Many in care don't have AC
Air conditioning not standard in long-term care in BC Interior
You might be surprised to learn, many care homes for the elderly, even here in the Okanagan, don’t have air conditioning units in residents' rooms.
Staff at David Lloyd-Jones Home contacted Castanet because they say they’re exhausted and frustrated with having to work in sweltering conditions. The facility only has air conditioning in common areas. Fans are used in patient rooms, and doors to hallways are left open to try to keep them cool.
The operations director at Kaigo Senior Living confirms there’s no AC in the rooms of most residents at Mission Creek Landing. Most older facilities don’t have it. Even some new ones like their building in Richmond don’t come with in-room cooling systems, said Wendy Calhoun.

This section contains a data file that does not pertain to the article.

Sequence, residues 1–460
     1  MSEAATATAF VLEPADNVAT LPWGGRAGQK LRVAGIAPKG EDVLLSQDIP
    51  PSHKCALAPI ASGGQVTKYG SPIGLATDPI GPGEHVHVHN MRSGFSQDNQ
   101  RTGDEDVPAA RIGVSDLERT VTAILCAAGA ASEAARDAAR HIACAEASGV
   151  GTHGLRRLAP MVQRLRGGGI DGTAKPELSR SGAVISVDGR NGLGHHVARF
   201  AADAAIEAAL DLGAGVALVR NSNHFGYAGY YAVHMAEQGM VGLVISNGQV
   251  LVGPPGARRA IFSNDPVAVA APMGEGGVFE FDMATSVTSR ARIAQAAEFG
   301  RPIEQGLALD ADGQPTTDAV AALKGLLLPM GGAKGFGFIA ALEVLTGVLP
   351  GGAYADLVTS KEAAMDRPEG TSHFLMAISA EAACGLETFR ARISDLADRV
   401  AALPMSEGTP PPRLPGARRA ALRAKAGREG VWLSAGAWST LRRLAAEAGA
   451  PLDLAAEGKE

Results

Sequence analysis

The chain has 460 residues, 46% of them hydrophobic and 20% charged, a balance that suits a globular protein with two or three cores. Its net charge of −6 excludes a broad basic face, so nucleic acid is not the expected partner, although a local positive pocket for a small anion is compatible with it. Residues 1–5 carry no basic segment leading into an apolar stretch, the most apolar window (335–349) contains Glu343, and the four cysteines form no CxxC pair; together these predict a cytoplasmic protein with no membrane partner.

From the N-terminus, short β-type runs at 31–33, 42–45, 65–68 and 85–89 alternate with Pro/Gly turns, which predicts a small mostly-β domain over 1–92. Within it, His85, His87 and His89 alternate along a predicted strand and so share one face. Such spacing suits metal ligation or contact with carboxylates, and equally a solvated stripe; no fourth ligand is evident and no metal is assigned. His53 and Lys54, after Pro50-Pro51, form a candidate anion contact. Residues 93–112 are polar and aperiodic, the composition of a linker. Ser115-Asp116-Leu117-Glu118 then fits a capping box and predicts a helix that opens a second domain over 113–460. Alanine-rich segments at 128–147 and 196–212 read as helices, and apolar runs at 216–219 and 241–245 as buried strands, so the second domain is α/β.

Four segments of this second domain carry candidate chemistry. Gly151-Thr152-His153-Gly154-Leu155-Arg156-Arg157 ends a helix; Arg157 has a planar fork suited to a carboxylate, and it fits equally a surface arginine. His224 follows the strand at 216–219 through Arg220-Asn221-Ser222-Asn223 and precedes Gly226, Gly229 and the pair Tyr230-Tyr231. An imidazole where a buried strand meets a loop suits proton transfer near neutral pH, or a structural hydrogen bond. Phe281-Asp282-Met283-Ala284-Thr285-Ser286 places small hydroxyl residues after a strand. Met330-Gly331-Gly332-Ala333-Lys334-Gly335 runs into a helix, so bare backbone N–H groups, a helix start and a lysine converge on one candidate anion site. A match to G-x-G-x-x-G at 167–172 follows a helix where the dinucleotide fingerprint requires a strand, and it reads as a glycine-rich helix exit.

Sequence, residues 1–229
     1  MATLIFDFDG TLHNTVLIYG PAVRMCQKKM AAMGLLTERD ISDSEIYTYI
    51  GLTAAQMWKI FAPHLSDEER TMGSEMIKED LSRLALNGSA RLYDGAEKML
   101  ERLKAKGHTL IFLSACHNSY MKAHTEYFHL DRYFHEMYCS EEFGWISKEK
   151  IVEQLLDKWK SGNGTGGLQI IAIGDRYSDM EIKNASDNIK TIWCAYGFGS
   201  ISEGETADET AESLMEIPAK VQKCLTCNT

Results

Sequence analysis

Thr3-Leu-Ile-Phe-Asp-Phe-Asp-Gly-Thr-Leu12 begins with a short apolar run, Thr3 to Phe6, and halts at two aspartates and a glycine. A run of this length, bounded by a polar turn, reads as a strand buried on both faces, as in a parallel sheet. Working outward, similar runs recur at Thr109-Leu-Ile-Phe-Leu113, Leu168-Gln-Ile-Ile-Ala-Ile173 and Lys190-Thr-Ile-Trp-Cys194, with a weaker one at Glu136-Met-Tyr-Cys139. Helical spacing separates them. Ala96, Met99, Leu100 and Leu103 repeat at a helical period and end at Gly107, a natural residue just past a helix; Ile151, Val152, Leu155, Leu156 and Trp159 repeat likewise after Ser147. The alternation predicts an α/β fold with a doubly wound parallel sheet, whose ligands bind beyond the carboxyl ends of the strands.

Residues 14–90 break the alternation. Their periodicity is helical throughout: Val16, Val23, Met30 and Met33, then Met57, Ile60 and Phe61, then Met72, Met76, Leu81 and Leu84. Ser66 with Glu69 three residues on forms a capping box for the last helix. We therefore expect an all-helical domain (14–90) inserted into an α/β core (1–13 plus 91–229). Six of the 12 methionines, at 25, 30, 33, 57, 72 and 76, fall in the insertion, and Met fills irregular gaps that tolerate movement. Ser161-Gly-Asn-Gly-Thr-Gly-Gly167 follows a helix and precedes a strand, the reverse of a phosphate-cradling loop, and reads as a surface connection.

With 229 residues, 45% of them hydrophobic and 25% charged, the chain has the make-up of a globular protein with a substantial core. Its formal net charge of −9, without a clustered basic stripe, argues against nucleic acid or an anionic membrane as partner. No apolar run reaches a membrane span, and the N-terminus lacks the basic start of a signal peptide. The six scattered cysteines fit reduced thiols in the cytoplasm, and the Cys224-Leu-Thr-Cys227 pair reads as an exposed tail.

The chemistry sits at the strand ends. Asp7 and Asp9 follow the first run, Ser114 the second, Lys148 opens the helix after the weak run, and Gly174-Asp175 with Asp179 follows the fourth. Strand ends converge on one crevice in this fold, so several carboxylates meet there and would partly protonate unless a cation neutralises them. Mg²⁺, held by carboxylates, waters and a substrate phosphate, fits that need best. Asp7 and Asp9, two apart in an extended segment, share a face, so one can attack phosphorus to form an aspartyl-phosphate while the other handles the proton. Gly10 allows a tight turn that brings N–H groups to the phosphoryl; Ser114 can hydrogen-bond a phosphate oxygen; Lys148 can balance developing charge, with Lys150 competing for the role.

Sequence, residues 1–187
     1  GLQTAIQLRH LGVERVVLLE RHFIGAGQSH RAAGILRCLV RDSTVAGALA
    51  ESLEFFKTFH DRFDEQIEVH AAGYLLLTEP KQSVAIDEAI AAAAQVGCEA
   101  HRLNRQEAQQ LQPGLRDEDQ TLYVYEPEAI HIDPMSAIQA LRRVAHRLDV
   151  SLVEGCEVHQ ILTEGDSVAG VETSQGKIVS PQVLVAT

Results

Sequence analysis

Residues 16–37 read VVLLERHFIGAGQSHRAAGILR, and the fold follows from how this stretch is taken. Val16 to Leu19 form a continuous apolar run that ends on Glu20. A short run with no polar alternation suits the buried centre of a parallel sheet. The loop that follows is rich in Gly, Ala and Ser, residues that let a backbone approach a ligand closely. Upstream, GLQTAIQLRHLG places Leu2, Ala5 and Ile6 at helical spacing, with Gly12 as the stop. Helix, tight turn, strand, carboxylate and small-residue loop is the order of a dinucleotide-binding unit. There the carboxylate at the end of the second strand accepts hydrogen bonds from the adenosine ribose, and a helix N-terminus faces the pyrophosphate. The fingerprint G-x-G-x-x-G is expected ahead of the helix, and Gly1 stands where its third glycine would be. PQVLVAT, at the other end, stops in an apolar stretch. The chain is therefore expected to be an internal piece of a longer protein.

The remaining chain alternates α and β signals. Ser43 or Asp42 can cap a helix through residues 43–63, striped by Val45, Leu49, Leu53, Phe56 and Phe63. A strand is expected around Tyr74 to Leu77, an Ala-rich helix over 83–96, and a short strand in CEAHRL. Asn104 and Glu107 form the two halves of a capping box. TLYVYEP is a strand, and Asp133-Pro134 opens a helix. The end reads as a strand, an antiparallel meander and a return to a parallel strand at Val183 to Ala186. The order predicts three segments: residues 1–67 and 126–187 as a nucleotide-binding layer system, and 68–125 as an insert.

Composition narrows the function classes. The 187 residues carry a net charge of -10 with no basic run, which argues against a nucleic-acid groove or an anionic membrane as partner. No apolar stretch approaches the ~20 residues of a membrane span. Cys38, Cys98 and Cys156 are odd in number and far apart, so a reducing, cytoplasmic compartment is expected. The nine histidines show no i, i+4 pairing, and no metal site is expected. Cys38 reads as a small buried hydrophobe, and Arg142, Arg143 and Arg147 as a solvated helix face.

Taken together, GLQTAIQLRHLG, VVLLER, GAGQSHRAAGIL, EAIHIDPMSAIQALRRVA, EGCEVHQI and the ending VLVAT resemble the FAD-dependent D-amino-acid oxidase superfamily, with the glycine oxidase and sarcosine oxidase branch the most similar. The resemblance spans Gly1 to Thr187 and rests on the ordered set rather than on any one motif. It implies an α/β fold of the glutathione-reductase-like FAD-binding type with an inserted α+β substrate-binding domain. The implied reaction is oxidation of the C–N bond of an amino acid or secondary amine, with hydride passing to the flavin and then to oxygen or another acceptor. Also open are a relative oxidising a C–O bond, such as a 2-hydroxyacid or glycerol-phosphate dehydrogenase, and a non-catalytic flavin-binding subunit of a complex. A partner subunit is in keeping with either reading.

She pointed out the elderly and frail enjoy the heat, and cold can be dangerous. Patients could freeze if a unit were to be left running for too long.
However, extreme heat can also prove deadly. Police and the BC Coroners Service are investigating several sudden deaths in recent days believed to be related to the heat wave.
The elderly are especially vulnerable. "Once the core temperature rises too high, it needs to be cooled down,” said Troy Clifford, the provincial president of the Ambulance Paramedics of BC (APBC)
Calhoun said a replacement for Mission Creek Landing is under construction and Phase One, with 140 beds, will be ready in less than two years. It will have central air conditioning.
Castanet has reached out to Interior Health, which operates David Lloyd-Jones Home, to ask if they plan to do anything about the situation there, but haven't had a response yet.